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Islamic Awakening in Kuwait: Kuwaiti protesters storm parliament

17 November 2011 5:40

Thousands of Kuwaiti protesters have stormed parliament, calling for the resignation of the prime minister, whom they accuse of corruption.

Late on Wednesday, the demonstrators in the country’s capital, Kuwait City, broke open parliament’s gates and entered the main chamber, AFP reported.

The protesters were demanding that Prime Minister Nasser Mohammad al-Ahmad Al-Sabah, a nephew of the emir, step down, and parliament be dissolved.

The crowds chanted “the people want to bring down the head (of government).”

Opposition lawmaker Mussallam al-Barrak, who led the protest rally, said, “Now, we have entered the house of the people.”

The protesters, who first held a demonstration outside parliament, shouting “the people want to remove the prime minister,” started to march to the nearby prime minister’s residence when police attacked them.

Police used batons to stop protesters from marching towards the residence of the premier.

Witnesses said at least five people were injured during clashes between protesters and security forces.

After facing police brutality, the angry demonstrators returned to parliament to continue their protests there.

The protesters said they would continue the protest, by camping outside parliament, until the prime minister steps down.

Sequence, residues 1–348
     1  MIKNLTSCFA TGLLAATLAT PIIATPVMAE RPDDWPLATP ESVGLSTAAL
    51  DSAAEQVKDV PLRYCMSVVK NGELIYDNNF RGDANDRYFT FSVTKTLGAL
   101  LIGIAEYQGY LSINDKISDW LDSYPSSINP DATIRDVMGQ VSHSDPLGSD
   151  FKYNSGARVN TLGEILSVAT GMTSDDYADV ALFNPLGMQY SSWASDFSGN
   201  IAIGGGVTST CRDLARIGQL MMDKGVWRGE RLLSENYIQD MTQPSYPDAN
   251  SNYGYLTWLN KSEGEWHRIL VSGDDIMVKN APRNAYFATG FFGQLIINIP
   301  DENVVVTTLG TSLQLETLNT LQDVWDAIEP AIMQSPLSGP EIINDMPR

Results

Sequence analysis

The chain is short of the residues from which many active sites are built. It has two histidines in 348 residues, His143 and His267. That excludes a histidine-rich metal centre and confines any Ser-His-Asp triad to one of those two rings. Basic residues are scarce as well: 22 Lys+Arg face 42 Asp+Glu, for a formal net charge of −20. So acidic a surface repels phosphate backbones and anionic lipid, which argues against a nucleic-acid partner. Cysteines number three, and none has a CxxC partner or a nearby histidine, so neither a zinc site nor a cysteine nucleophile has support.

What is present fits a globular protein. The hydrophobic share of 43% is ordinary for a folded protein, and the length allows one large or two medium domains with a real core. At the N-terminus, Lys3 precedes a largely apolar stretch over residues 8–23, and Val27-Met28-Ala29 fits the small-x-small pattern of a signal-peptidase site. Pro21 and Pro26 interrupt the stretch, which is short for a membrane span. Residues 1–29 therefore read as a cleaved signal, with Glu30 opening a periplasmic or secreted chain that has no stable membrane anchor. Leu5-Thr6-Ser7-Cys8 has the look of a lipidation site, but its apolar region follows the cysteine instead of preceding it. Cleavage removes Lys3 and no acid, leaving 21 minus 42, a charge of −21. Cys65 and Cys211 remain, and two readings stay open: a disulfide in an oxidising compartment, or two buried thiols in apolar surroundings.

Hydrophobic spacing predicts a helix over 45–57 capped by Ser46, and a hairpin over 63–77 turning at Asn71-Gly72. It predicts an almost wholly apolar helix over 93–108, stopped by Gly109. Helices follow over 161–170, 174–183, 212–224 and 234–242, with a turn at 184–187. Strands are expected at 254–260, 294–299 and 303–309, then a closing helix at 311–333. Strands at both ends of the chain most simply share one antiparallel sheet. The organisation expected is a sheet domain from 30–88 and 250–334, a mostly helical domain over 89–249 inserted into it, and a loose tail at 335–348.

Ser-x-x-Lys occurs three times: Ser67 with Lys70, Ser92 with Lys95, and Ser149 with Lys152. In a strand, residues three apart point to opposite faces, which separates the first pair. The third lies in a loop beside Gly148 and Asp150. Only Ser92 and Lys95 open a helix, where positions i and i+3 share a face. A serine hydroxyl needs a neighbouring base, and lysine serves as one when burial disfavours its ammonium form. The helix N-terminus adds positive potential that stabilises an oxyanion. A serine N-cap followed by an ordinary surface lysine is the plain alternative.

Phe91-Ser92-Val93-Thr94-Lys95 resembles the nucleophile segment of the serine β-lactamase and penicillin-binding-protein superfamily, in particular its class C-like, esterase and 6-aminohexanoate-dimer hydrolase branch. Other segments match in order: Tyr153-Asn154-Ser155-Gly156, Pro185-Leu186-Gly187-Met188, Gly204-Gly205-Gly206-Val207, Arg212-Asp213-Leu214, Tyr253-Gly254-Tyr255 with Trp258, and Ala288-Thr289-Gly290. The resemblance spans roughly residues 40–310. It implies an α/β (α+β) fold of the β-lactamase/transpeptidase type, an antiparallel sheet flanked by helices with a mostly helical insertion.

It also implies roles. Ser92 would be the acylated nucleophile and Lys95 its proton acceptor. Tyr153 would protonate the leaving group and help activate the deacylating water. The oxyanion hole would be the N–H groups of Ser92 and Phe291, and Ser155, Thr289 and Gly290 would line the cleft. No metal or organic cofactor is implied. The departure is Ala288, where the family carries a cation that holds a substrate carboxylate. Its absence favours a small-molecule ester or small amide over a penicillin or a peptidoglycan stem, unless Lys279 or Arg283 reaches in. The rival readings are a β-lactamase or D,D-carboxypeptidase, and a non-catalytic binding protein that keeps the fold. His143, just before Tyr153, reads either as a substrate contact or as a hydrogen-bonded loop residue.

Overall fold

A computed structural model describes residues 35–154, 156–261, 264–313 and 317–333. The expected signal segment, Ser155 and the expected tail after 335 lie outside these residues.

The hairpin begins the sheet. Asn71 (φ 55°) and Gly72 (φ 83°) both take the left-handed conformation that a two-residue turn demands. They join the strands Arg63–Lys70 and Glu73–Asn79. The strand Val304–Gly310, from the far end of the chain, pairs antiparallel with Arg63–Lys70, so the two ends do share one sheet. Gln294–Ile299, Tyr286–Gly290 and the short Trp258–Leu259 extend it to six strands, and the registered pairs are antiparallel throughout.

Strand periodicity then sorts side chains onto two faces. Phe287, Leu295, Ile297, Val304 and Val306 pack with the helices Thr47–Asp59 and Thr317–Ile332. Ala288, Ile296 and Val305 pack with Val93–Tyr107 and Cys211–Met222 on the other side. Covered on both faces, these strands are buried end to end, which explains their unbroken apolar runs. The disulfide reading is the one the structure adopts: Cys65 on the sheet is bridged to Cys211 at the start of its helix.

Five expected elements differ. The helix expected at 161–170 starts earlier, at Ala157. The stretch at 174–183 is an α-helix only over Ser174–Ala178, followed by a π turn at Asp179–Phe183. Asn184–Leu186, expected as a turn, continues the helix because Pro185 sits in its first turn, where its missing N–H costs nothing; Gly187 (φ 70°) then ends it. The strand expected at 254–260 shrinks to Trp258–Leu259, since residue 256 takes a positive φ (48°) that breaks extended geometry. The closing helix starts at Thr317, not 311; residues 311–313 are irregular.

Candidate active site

On Tuesday, Kuwaiti lawmakers filed a request to question Prime Minister Sheikh Nasser in the parliament over allegations of corruption and money laundering.

The request was filed by Mussallam al-Barrak, Faisal al-Muslim and Abdulrahman al-Anjari, representing an opposition bloc comprising 20 MPs in the 50-member house.

The opposition request alleges that Sheikh Nasser failed to take sufficient action to deal with a graft scandal involving 16 lawmakers, who received $350 million in bribes to sell their votes on crucial issues.

The opposition representatives also accuse the prime minister of ordering the transfer of millions of dollars from public funds into his personal accounts abroad.

Sheikh Nasser has denied any wrongdoings.

Kuwait’s key affairs are run by the ruling Al-Sabah family, but the country has one of the region’s most politically active parliaments.

The 71-year-old prime minister has come under withering criticism by the opposition since he took power in February 2006.

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